One of the most debilitating and frustrating diseases in cats is oral inflammatory disease, sometimes referred to as stomatitis, gingivostomatitis, or lymphoplasmacytic gingivostomatitis. It is sometimes seen in dogs and other species as well but we most often encounter the problem in cats.
Affected cats have severe oral pain, and on examination may have inflammation and infection involving the gums, the lining of the inside of the lips and cheeks, the palate, and tongue, often extending down into the throat. Cats are reluctant to eat, they don’t groom well, and they often lose weight. Stomatitis has the ability to spread from one cat to another in multi-cat households and shelter/rescue situations.
Nobody really knows what causes this problem, but it seems to be an overreaction of the cat’s immune system to the plaque in the mouth. Many patients have certain viral and bacterial infections, but specific targeted treatments have not been widely successful.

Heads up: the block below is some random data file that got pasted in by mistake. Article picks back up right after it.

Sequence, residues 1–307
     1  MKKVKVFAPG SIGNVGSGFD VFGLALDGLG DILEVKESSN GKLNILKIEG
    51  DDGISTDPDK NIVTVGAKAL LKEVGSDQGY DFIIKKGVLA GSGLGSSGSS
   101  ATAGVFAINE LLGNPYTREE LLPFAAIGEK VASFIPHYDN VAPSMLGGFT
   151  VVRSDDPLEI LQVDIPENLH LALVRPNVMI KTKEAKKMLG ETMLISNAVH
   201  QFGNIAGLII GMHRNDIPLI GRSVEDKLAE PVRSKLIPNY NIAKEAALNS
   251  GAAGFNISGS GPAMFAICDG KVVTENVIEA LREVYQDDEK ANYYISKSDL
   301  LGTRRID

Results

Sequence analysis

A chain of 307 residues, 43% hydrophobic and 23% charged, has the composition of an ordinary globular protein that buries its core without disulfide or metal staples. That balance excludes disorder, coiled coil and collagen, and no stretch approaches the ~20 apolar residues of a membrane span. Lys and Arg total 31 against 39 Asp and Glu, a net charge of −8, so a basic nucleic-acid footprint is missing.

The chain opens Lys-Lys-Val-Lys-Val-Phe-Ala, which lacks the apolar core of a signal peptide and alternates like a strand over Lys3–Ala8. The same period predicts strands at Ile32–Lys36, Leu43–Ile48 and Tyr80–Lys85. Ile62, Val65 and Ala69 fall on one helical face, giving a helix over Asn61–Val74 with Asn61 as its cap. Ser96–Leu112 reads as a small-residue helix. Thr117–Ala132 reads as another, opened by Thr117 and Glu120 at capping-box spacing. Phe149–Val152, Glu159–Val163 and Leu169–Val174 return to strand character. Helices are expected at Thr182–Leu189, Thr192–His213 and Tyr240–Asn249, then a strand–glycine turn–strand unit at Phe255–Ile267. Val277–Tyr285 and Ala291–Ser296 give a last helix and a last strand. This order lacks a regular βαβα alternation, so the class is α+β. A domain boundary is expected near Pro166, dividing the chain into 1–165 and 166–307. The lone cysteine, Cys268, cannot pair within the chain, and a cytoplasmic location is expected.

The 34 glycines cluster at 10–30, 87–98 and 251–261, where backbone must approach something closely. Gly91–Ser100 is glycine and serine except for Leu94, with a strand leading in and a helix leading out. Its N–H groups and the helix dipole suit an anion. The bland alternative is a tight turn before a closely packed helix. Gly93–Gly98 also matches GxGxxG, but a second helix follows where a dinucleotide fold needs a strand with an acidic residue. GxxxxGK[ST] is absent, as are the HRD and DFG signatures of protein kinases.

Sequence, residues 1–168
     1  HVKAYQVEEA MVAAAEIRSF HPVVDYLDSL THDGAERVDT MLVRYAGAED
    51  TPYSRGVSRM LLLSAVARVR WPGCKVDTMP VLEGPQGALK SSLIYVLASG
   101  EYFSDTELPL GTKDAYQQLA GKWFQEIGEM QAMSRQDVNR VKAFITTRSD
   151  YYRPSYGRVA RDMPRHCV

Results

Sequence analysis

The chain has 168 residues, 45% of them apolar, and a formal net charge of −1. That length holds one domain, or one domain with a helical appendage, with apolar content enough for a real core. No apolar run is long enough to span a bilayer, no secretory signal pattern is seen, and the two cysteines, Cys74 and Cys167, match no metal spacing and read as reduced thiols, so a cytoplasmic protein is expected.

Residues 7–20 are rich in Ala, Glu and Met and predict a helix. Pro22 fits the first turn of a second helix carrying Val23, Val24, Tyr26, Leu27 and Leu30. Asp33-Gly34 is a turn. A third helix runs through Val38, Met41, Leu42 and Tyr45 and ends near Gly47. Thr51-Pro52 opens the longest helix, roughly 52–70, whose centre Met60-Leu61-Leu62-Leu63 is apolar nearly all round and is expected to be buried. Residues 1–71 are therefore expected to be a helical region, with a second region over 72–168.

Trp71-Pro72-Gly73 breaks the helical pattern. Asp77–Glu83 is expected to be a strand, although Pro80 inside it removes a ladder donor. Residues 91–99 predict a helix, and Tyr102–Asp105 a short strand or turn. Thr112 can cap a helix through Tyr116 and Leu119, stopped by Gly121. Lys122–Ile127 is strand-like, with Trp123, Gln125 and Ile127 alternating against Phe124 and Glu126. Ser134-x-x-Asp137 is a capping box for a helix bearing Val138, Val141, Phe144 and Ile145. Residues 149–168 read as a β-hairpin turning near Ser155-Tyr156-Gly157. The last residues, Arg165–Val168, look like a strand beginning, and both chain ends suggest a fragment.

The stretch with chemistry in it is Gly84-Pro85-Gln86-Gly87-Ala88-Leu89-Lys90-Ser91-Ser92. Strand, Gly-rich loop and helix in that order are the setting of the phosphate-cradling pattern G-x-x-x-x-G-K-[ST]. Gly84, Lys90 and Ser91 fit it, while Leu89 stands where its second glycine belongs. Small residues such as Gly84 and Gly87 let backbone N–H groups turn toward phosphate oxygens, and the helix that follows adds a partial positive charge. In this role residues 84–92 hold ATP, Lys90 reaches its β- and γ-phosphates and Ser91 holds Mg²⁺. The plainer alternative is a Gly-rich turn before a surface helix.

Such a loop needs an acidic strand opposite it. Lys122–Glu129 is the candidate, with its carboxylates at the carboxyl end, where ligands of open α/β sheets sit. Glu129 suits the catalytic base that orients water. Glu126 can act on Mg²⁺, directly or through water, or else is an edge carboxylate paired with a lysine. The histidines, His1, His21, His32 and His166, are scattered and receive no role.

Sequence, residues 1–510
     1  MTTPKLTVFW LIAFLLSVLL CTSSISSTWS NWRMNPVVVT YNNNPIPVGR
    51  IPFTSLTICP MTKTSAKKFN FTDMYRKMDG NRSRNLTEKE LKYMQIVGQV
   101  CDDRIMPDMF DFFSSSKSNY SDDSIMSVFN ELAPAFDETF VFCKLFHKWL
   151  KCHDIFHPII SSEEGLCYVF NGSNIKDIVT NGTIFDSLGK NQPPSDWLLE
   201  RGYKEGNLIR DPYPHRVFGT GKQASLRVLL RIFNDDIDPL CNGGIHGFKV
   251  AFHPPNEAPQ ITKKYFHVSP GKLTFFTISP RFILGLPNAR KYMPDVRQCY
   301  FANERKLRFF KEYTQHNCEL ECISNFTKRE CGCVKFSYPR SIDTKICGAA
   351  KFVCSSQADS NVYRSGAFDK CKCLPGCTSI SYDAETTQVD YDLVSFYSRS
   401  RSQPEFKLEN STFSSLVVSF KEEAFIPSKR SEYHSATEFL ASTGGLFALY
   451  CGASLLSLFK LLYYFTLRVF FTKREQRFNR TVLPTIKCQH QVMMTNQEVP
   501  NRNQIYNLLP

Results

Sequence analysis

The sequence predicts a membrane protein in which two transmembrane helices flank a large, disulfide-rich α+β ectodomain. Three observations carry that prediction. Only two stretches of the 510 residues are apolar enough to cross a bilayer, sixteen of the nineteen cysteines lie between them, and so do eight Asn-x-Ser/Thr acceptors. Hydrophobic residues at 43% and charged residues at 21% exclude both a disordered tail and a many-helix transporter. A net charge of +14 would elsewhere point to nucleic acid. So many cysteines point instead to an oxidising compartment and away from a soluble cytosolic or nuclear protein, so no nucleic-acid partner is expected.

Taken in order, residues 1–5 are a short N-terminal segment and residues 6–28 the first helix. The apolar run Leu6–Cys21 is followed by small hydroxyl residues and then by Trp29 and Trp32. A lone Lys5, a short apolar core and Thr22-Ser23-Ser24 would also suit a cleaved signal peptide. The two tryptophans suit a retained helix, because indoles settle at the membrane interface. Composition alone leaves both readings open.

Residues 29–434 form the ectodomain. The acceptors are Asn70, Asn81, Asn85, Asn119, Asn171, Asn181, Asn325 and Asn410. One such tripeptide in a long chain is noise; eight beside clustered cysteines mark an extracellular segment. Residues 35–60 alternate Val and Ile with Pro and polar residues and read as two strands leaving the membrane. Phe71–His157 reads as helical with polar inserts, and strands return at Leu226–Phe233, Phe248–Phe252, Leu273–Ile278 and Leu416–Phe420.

The ideal treatment would be meticulous plaque control, but cats with painful mouths rarely allow effective brushing and rinsing; flushes and water additives are not enough help, and nobody likes to have their pet anesthetized every 3 months for repeated cleanings. Antibiotics only help for a short time, and we worry about creating antibiotic-resistant superbugs over time.
Since it does appear to be an overreaction of the immune system, another strategy could be immune suppression with medications such as corticosteroids and cyclosporines. Daily administration of oral medications is difficult at best, and these immunosuppressive medications carry significant health risks, as well.
The most effective treatment continues to be extraction of all teeth. It is estimated that about 85% of cats will heal completely with no further need for medications (or brushing or teeth cleaning!) There are some cats that do need continued medication, and sometimes we will remove stubborn areas of inflammation with laser surgery. Often times, the cats that do not heal as well are those not treated until the disease is quite advanced, especially when it extends into the throat. For this reason, we recommend whole-mouth extractions sooner rather than later.